[FOM] Re: FOM currents

Dean Buckner Dean.Buckner at btopenworld.com
Sat Oct 11 11:49:48 EDT 2003

Reply to Friedman, Tait, Davis

> .. is the freedom to continue irresistable [sic]?

Certainly not, given there's nothing in this latest tirade except, to
consider working with Mayberry, the true subject matter of "logic", and an
exhortation to read Godel, plus plenty of abuse.

(i) On "working with Mayberry", I first met John Mayberry 30 years ago when
I was his student, and I learnt much from him over the next ten years.  You
could say I grew up with the contents of the book he finally published in
2000, and to which I frequently refer.

(ii) On the name "Logic", Martin Davis also comments on my allegation that
"mathematical logicians have stolen the word logic as used by such as Mill
(and why didn't he add Hegel)?"

Heaven forbid Hegel, though he did write a book called "Logic".  My argument
was first that much of the subject matter now dealt with in "philosophy of
language" and "philosophical logic" (I do NOT mean "philosophy of logic") -
I mean the core concepts of reference, identity, existence, truth,
predication, implication & so forth - was the subject matter of the
discipline called (before Godel) "Logic".  That is a fact.

As to a "campaign" to change the name back, well, in England we just call
one tradition "philosophical logic" and the other "mathematical logic", so
none is really needed, no one is confused.  It's worth adding that the older
tradition dominates here in England, and we regard mathematical logic as
particularly American.  Someone is bound to question this, so can I cite
Jeff Pelletier's excellent "A Brief History of Natural Deduction".  He
writes "British philosophy schools, and those heavily influenced by them,
tended instead to study "philosophy of logic" [sic] as presented by Strawson
(1952). ".

The tradition is very much alive, so why does Tait write that it is dying?
*Individuals* by Strawson, is a key text of philosophical logic, OK it was
written in 1952, but then we had Gareth Evans, whose work is internationally
respected, and then there is the current generation.  Arthur Prior, from New
Zealand, then lecturer at Oxford, is also a key figure in this tradition,
also Peter Geach.

I believe Mayberry's book itself is influenced by the same tradition.  At
least, he got plenty of exposure to the Prior/Geach stuff from CJF Williams
being a regular attendee at Christopher's weekly seminars for many years,
and there is much in his book to suggest that (I may be wrong).

So what is presented here in FOM is very much a US-centric view of "logic".
And of course Americans are famous for their detailed understanding &
respect for other cultures & intellectual traditions.

(iii) On Godel.  As noted, Godel is a peripheral figure in the British
tradition.  For example he gets 1 column in my (British) encyclopedia,
whereas Strawson gets 2, Wittgenstein gets 7.  In CJF Williams' book "Being
Identity and Truth", which as the name suggests covers the core concepts of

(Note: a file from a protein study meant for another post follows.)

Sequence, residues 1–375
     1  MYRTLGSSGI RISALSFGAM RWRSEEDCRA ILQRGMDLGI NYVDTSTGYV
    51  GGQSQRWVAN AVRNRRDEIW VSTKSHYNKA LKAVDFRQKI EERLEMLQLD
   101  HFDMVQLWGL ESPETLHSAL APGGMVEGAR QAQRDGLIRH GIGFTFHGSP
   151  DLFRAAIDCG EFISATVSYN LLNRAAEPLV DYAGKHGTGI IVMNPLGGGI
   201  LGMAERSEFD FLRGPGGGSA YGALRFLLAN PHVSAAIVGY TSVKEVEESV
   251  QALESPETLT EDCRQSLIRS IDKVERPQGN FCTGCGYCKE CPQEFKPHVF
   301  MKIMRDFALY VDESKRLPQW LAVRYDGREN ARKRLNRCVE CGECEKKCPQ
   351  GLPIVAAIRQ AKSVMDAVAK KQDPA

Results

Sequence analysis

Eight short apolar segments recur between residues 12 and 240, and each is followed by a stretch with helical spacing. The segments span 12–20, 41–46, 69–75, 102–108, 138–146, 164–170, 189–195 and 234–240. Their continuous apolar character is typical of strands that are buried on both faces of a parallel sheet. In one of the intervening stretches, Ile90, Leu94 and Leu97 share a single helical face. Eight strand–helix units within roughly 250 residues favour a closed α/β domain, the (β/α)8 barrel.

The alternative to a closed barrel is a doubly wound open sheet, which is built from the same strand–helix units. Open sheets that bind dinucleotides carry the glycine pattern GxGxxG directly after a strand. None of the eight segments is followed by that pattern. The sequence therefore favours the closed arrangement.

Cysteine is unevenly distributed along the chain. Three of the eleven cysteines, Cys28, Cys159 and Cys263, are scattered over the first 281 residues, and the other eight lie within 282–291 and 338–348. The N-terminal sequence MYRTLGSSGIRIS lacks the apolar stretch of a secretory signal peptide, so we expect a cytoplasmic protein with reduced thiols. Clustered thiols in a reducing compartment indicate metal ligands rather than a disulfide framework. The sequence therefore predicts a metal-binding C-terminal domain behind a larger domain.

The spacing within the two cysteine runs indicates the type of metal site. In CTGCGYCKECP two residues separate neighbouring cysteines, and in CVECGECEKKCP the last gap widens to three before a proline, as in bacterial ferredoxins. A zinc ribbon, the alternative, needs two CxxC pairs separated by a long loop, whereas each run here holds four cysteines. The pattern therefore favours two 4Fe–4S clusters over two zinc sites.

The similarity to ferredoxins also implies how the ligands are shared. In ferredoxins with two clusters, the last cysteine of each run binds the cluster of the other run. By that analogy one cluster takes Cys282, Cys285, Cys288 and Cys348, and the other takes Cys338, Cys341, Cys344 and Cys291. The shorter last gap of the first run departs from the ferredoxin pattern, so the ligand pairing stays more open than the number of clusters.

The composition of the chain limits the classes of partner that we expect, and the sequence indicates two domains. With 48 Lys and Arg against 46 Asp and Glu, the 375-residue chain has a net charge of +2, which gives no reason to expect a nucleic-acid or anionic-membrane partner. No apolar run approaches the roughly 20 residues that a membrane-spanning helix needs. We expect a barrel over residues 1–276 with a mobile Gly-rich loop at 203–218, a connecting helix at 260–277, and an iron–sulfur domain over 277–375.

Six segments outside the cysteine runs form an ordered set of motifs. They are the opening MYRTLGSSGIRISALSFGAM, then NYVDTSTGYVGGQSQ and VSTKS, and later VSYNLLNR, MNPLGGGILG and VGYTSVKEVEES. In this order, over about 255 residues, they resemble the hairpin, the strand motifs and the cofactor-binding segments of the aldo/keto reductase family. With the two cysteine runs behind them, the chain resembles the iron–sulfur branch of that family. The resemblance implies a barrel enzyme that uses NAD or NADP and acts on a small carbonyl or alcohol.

philosophical logic, there are references that include the following
logicians, in order of citations:

Aristotle (10, passim), Russell (10, passim), Wittgenstein (8, passim),
Geach (7), Prior (5, passim), Frege (5), Quine (5), Leibniz (3), Strawson
(2), Lewis (2), Kneale (1), Ockham (1), Goedel (0)

The reason for the omission is I suspect Godel's treatment of truth, which
is alien to the British tradition.  Also I notice that Prior's history of
Logic, which includes Strawson, Wittgenstein, Russell, Lukasiewicz, Frege,
Mill, Aristotle, is remarkably silent about Godel.

Ditto for Fred Sommers' book, which is another classic in this tradition
(Sommers *is* American, btw).   Admittedly it is called *The Logic of
Natural Language*, but he still manages to reference Quine, Russell,
Wittgenstein, Dummett, Kneale, Prior, Putnam, blah blah.  Even our own FOM
"regular" Prof. Slater gets a mention.  But nothing on Godel, I see.

Only when I turn to Dummett's monumental work on Frege do I at last find a
reference to "the greatest logician of the 20C".  He gets 4.  But then
Wittgenstein gets about 100, Zermelo 8, Quine 150, Prior 4, Kripke 30, Geach
40 and so on.

Note I AM NOT using this to suggest Godel is not actually the greatest
logician, or that if we repeated this exercise 50 years later, there would
not be a very different result, just as logic books of about 80 years or
more ago would have been silent about Frege.  I'm just using these facts to
question the view of Godel as the greatest *logician* of 20C as being
"generally held".  It's not, at least not in England.

Perhaps this implies we are provincial, and of course everything is
provincial to America.  I think it has more to do with an entire German
tradition transplanted to the U.S. at a certain well-known period in
history, whereas in England we have our own native tradition.

(iv) On Tait's comments.  Of course I meant 19C foundations.  And I'm
grateful to Tait's work for realising that Frege is not absoutely central to
the foundations.  Frege's work is revered in the British school & he is
treated like a saint & a martyr, and the greatest logician since Aristotle
&c &c.  The true benefit of FOM is it allows you to travel abroad so to
speak, outside the narrow confines of one tradition and culture, though (as
noted earlier) some of the locals can be extremely hostile.

Tait writes
>That [philosophy of language] school has very largely been one of
off-the-top-of->the-head theorizing, based on no expertise of any kind other
than a way with >words

That is also true.  But are we going to say the same of Geach, Strawson,
Sainsbury, Evans, to name a few?  The analytic (Oxford) tradition is still
THE dominant school of philosophy in England, and it is a great school, with
a proud history.


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